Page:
The 2010 World Cup runners-up will abandon their famous 4-3-3 and field a defensive 5-3-2 formation in their opening game against the reigning champions
By Stefan Coerts
Say Netherlands and you say "total football".
Ever since making it to the final of the 1974 World Cup with players such as Johan Cruyff, Willem van Hanegem and Johan Neeskens, Holland are associated with attacking and entertaining football. Unfortunately for the Dutch, their style of play has gone hand in hand with not winning any major silverware, bar their victorious Euro 1988 campaign.
Bert van Marwijk therefore opted for a pragmatic approach during his time in charge of Oranje from 2008 until 2012, and was rewarded with a run to the final at the 2010 World Cup in South Africa.
It all went wrong for Van Marwijk and his men in the showpiece in Johannesburg, however. Not only were the Dutch beaten in a World Cup final for the third time, but they did so in a way that cost them many fans and admirers.
Rather than being praised for reaching the final against all odds, Holland were scrutinised for their violent and negative approach throughout the tournament - and in the final in particular - by high-profile names across the world as well as Dutch icons Cruyff and Louis van Gaal, and deservedly so.
"I don't think Netherlands put in an attractive display. They lost in a very ugly way. They have some fantastic players. Robin van Persie, Wesley Sneijder and Arjen Robben. Spain don't have attackers like that. But this was not the way to play," Van Gaal said after 1-0 loss after extra time.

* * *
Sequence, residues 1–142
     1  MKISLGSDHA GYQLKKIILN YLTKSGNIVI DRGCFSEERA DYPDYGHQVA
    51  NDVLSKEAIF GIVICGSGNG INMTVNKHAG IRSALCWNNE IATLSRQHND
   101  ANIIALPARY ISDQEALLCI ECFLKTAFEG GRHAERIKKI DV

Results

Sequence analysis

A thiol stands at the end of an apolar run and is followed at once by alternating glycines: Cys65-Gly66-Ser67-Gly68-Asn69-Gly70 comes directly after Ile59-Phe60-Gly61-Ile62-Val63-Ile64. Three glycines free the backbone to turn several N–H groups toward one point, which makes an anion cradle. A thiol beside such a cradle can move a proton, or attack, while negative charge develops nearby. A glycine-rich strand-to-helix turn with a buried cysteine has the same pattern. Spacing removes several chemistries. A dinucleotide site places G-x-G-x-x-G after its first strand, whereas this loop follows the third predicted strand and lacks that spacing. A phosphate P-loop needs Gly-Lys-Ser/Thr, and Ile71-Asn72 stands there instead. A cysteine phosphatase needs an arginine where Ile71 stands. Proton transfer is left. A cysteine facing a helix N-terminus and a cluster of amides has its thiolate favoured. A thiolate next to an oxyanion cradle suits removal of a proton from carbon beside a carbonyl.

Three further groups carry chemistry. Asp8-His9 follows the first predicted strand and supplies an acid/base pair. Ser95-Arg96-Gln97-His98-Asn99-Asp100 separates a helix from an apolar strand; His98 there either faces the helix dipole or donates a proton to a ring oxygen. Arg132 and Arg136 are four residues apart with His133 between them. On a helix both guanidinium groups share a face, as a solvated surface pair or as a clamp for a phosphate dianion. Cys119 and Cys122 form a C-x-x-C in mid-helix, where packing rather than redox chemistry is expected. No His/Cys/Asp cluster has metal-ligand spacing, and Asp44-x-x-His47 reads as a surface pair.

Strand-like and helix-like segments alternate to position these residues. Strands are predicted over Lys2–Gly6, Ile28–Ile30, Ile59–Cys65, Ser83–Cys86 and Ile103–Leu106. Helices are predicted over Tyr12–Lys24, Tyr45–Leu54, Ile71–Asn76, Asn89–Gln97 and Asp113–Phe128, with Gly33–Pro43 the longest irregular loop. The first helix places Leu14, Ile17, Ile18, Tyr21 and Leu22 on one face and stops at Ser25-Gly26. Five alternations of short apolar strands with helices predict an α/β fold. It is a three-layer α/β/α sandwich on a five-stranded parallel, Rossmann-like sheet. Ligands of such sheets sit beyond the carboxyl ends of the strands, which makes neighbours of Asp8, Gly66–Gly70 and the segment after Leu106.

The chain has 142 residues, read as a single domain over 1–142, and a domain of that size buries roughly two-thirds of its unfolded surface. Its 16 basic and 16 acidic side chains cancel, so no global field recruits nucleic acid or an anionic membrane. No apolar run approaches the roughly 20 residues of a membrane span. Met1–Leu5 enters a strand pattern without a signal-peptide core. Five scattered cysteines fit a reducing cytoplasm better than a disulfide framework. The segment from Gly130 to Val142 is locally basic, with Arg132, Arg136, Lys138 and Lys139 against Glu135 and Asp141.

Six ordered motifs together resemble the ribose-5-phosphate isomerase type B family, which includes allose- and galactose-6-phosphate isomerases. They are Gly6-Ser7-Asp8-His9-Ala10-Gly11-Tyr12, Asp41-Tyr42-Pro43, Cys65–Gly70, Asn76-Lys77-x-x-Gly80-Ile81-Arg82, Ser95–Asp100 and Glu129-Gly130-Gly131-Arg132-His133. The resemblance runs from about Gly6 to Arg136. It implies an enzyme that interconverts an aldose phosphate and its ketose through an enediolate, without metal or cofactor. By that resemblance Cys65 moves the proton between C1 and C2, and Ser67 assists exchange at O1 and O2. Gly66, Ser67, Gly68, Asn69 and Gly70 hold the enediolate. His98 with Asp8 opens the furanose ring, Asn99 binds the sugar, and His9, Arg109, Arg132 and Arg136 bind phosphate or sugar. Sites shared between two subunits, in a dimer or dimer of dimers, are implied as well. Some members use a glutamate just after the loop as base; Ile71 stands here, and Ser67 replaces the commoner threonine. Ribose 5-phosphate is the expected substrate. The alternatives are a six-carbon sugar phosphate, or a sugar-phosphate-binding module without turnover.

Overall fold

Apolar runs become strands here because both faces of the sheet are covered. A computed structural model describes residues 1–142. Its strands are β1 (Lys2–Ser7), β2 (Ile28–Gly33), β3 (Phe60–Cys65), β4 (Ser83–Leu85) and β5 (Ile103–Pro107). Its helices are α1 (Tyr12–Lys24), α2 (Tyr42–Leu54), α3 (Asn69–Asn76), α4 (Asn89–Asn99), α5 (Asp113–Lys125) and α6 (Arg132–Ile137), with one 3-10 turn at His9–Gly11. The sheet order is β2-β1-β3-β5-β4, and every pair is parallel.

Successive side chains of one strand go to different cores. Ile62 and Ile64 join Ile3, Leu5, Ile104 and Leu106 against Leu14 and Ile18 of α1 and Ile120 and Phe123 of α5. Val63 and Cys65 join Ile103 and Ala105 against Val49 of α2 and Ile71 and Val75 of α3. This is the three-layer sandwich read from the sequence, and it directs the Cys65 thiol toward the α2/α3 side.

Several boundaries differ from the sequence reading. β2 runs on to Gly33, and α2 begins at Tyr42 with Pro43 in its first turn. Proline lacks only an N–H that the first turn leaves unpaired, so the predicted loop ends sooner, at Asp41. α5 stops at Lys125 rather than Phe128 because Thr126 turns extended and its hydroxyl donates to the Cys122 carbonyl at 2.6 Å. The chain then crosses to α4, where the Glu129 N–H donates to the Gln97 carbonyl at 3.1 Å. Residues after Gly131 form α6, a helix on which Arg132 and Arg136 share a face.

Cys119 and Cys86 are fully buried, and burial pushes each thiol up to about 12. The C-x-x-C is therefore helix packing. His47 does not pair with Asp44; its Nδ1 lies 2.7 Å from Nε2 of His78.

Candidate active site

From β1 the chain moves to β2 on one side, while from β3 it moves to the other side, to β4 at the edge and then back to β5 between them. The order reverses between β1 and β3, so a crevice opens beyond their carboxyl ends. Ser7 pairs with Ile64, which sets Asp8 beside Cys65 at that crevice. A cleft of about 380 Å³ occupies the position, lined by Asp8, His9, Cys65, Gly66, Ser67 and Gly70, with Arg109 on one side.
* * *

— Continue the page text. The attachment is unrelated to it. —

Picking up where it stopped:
One would consequently think the former Bayern Munich boss would never even consider giving up on his philosophy and stay true to the 4-3-3 formation that has made Netherlands a benchmark in the game ever since their successes in the 1970s.
Surprisingly, Van Gaal has done just that, after Roma midfielder Kevin Strootman was ruled out of the World Cup with a knee injury. The Oranje boss feels his men lack the quality to compete with the world's finest without the 24-year-old running the show in midfield and has thrown all of his principles over board.
Van Gaal has experimented with 4-4-2 and 5-3-2 formations in the build-up to Friday's match against Spain and is widely expected go with the five-man defence variant in Salvador in an attempt to stop the titleholders.
There's no denying that Holland have been vulnerable in defence over the past few years, which was also the main reason why Van Marwijk opted to field two holding midfielders in front of a four-man backline in 2010, but you would still expect a coach like Van Gaal to stay true to himself, especially bearing in mind his criticism of Van Marwijk in the past.
Yet even a notoriously stubborn man such as Van Gaal has come to the realisation that you will have to adapt to the circumstances if you are to be successful at the highest level.
Youngsters such as Stefan de Vrij, Bruno Martins Indi, Daryl Janmaat and Daley Blind all have potential, but none of them have any previous experience at a major tournament, while only the latter has been playing in the Champions League.
It's thus perfectly normal to build in some extra security at the back at the expense of a more creative player higher up the pitch. There's no guarantee that Van Gaal's gamble will pay off against Vicente del Bosque's men, but it would be naive to think Holland's young guns would have been able to halt Spain in their trademark 4-3-3 formation.
Is the future Manchester United man betraying his own philosophy? Undoubtedly. Is he wrong to do so? Definitely not.
As much as some people might hate it, football is about results, not about playing pretty. And Van Gaal knows that more than anyone else.
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